Clients in the News – Stanford University Show Blind Mice Regain Vision

Mouse eye WIKIMEDIA, VENTUS55

Scientists have long known that the mammalian central nervous system (CNS) has a limited capacity to regenerate. But in a new study, researchers from Stanford University have shown that combining visual stimulation and chemical activation of the mammalian target of rapamycin (mTOR) led retinal ganglion cells in blind mice to regenerate, restoring partial vision. Further, the regenerated axons reconnected to their correct targets in the brain, the researchers reported today (July 11) in Nature Neuroscience.

This approach “offers a lot of hope, because it’s really the best regeneration anybody’s seen,” biologist Thomas Reh of the University of Washington in Seattle, who was not involved in the work, told The Scientist. “But it’s still just a small number of axons regenerating . . . and the amount of vision restored is not nearly what we would like to see” in humans, he added.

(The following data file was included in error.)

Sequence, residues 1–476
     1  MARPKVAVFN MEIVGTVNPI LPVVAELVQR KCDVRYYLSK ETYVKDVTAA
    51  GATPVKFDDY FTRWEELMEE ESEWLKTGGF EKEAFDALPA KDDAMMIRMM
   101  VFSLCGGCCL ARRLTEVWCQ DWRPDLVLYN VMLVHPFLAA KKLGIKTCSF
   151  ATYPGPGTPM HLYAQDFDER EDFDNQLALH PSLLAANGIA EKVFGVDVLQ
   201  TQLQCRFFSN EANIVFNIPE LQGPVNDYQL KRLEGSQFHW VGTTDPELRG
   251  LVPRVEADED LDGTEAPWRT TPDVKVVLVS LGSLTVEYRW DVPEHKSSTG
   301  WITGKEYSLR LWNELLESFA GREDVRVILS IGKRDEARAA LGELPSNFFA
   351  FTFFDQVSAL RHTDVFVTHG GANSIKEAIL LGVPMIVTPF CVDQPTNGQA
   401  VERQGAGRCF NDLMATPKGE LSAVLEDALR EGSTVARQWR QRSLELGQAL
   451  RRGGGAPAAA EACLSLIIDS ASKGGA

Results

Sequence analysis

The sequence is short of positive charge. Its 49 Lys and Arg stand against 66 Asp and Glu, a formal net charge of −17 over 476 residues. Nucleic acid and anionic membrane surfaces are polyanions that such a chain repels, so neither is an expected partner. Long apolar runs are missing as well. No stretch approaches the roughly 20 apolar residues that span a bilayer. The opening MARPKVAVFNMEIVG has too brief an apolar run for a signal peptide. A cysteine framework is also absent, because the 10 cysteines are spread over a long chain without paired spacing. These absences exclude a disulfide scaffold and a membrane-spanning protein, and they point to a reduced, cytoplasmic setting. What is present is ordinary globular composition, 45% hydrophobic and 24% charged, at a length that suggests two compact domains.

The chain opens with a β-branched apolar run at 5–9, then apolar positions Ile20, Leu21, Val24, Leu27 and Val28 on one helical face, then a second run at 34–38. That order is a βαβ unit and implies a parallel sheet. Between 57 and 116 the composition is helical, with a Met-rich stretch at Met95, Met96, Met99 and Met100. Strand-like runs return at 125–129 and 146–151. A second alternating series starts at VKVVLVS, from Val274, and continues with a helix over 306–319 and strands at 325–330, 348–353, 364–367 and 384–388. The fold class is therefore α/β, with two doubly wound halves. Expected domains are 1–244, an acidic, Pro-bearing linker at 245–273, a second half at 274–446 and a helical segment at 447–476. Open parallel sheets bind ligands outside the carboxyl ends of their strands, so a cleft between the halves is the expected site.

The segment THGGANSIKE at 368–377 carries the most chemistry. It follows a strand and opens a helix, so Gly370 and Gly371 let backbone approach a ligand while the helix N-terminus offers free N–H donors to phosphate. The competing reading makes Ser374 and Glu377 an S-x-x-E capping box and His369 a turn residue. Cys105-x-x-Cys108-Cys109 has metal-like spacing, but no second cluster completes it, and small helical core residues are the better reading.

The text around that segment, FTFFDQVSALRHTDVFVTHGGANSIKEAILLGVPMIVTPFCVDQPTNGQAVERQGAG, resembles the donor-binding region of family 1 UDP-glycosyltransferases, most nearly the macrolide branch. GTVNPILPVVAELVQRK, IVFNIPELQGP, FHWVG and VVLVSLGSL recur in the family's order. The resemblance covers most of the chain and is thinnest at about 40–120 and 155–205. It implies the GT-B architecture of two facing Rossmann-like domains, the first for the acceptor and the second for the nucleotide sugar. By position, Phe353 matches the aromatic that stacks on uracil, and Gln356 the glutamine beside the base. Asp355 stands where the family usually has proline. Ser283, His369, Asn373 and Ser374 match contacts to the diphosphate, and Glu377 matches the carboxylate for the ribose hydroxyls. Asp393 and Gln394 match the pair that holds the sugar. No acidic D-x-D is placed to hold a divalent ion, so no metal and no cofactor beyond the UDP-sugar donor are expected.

Unlike the peripheral nervous system, the brains and spinal cords of mammals do not readily regenerate after injury. Secretion of proteins from myelin, buildup of scar tissue, and reduced production of growth factors are all thought to play a role in preventing regrowth of axons in the CNS. Scientists had previously succeeded in partially regenerating murine retinal axons by stimulating growth factors such as mTOR and cyclic adenosine monophosphate (cAMP), or removing growth inhibitors such as Kruppel-like factor 4 (KLF4). However, the regenerated retinal nerves did not regrow the full length of the optic nerve and reconnected to the wrong targets.

“We’ve known for 100 years or more that neurons in the CNS don’t regenerate after injury,” study coauthor Andrew Huberman, of Stanford, told The Scientist. Still today, he added, “the best treatment for spinal cord injury is the wheelchair, and the best treatment for eye injury is the seeing-eye dog.”

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